Heading into the third and final presidential election debate, few Americans believe that international concerns are among the most important problems facing the country. However, the public has definite views on international issues. And there are some sharp differences between Republicans and Democrats.

Commentary Oct. 16, 2012

China’s public getting more negative about the world

Chinese views about other major nations have become more negative in recent years. In particular, attitudes toward the U.S. have cooled – ratings for President Obama have declined, and fewer Chinese now describe their country’s relationship with the U.S. as one of cooperation.

Commentary Oct. 16, 2012

China inequality causes unease

Despite more than 90% of Chinese feeling that they enjoy a higher standard of living than their parents, concerns over corruption, social inequality and food safety are growing.

Oct. 16, 2012

How the Chinese View Other Countries

As China is projecting its power abroad and preparing for a change of leadership at home, the Pew Research Center’s Global Attitudes Project asked the Chinese public what it thought of other countries, especially its neighbors. The Project’s spring survey also asked people in a number of other countries what they thought of China. Some […]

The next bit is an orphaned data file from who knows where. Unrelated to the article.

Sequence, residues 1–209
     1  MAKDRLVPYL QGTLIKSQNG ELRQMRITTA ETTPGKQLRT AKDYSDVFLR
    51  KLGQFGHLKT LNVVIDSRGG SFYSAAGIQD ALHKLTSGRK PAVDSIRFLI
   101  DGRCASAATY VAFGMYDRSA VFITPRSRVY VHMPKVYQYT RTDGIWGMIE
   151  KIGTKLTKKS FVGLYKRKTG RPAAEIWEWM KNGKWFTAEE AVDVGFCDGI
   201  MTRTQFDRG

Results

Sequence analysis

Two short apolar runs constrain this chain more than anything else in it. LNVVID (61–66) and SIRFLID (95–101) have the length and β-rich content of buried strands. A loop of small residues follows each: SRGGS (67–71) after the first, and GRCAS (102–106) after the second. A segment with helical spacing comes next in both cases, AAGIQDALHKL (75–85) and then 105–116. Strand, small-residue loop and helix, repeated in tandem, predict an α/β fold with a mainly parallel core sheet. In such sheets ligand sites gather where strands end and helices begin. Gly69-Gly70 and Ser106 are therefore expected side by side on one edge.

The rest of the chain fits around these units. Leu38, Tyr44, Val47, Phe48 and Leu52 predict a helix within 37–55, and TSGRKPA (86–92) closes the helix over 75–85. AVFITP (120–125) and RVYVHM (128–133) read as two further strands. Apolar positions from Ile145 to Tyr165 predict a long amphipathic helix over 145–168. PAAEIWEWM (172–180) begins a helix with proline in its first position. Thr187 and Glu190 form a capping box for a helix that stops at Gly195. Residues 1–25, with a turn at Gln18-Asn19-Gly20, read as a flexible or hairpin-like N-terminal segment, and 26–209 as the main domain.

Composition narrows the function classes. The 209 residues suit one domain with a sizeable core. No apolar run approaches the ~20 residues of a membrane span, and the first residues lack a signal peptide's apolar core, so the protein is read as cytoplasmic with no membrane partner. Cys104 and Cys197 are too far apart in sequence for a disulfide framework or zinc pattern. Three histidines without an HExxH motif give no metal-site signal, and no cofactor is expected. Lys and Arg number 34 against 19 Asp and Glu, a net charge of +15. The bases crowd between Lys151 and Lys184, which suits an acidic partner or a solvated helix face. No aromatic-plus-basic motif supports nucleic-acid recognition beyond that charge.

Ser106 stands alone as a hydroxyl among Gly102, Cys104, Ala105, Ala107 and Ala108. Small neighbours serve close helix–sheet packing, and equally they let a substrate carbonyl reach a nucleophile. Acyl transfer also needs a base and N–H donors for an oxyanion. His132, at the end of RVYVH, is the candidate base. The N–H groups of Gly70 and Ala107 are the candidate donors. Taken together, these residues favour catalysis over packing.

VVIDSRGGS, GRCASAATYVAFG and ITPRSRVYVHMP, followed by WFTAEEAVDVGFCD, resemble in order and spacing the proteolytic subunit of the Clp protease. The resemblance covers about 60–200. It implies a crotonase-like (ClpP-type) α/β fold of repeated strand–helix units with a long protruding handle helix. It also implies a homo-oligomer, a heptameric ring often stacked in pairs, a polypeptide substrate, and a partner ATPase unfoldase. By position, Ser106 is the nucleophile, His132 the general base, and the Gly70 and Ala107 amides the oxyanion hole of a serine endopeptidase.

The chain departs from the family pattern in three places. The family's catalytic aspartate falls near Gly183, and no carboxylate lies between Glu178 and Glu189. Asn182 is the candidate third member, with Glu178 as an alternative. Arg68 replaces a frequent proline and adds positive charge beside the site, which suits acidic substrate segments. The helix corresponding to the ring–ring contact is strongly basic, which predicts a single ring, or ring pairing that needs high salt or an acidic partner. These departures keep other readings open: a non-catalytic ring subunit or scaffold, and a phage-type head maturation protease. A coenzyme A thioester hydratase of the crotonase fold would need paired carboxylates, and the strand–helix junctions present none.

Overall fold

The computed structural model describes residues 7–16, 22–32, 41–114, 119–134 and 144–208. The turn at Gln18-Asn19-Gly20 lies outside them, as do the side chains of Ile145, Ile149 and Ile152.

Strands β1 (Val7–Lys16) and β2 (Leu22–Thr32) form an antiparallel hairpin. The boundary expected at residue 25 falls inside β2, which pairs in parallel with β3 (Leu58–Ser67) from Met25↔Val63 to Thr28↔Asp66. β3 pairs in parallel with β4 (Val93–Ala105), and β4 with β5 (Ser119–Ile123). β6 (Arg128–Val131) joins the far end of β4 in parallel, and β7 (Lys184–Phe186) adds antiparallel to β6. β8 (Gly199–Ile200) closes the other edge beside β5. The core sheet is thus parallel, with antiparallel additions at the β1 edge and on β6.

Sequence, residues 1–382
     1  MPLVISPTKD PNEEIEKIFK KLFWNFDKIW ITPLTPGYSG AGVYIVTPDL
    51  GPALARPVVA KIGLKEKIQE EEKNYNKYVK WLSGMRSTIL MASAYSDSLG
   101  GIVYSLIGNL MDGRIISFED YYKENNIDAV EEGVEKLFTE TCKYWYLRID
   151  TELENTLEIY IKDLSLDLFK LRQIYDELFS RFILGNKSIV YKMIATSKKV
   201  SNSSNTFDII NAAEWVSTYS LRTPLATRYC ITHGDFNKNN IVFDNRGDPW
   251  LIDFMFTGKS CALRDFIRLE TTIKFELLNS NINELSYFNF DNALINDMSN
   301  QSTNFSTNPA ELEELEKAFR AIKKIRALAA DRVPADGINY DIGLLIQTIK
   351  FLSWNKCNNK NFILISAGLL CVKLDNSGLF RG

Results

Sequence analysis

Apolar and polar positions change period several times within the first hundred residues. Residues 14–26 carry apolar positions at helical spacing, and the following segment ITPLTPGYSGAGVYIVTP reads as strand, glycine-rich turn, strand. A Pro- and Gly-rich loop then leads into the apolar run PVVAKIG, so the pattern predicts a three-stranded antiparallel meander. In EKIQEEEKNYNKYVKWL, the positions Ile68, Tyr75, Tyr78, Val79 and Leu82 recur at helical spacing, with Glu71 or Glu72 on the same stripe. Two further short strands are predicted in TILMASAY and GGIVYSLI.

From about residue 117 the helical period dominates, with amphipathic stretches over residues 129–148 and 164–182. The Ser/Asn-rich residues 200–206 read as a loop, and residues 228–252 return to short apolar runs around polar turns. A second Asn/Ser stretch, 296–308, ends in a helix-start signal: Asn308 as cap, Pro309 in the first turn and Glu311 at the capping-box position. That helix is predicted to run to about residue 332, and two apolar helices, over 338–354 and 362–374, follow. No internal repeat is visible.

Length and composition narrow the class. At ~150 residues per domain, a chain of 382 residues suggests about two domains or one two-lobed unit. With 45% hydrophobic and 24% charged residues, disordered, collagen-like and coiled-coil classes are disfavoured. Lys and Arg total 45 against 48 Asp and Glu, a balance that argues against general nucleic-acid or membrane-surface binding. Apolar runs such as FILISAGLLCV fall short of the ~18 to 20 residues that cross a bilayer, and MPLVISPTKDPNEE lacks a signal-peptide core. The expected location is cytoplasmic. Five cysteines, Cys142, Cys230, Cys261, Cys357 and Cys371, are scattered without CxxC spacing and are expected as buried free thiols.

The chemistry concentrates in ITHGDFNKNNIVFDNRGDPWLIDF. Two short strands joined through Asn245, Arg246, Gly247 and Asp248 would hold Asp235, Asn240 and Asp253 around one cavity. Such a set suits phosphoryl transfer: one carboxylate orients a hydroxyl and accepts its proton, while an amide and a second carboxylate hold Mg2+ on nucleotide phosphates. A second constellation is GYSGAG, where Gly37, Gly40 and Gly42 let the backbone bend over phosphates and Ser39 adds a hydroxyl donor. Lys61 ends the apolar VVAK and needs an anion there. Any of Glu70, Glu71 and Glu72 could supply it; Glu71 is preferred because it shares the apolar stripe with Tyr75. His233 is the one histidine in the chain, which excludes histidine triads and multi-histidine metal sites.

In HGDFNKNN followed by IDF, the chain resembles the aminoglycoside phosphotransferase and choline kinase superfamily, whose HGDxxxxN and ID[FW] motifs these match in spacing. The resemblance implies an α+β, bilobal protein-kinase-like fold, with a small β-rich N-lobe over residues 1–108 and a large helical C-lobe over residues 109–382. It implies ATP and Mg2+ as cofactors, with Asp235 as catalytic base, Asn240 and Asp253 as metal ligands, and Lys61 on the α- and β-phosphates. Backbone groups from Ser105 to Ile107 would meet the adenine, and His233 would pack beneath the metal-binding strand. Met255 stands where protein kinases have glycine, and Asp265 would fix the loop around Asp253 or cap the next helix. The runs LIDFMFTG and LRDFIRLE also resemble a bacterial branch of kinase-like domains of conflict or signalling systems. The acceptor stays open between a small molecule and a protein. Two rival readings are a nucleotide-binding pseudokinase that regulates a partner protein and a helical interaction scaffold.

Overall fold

Survey Reports Oct. 16, 2012

Growing Concerns in China about Inequality, Corruption

Ratings for the U.S. Decline

Commentary Sep. 24, 2012

Russians Have Their Own Ideas of Democracy

The Kremlin’s demand that the U.S. Agency for International Development cease its activities in Russia follows months of accusations by Vladimir Putin that recent anti-government protests in Russia are the result of meddling by the U.S. and other Western governments. However, many Russians may not be convinced that such meddling is a fact.

Commentary Sep. 21, 2012

How China became the US election bogeyman

With about half of Americans saying China’s rise is a major threat to the U.S., fears about China have fed into the U.S. presidential campaign. Overall, Republicans are more concerned than Democrats about China.

Commentary Sep. 19, 2012

Wait, You Still Don’t Like Us?

While the image of the United States has improved throughout many parts of the world during Barack Obama’s presidency, negative views of America remain stubbornly persistent in key Muslim countries. Much of this animosity is due to continuing concerns about U.S. power and widespread opposition to major elements of American foreign policy.

Commentary Sep. 18, 2012

How Americans See China

Most Americans describe relations between the U.S. and China as good, but most consider China a competitor rather than an enemy or partner. When asked which country represents the greatest danger to the U.S., more Americans volunteer China than name any other country, including Iran and North Korea.

Survey Reports Sep. 18, 2012

U.S. Public, Experts Differ on China Policies

Public Deeply Concerned about China's Economic Power

Survey Reports Sep. 10, 2012

Deepening Economic Doubts in India

Strong Support for Improving Relations with Pakistan

Commentary Sep. 7, 2012

Have Americans Turned Inward?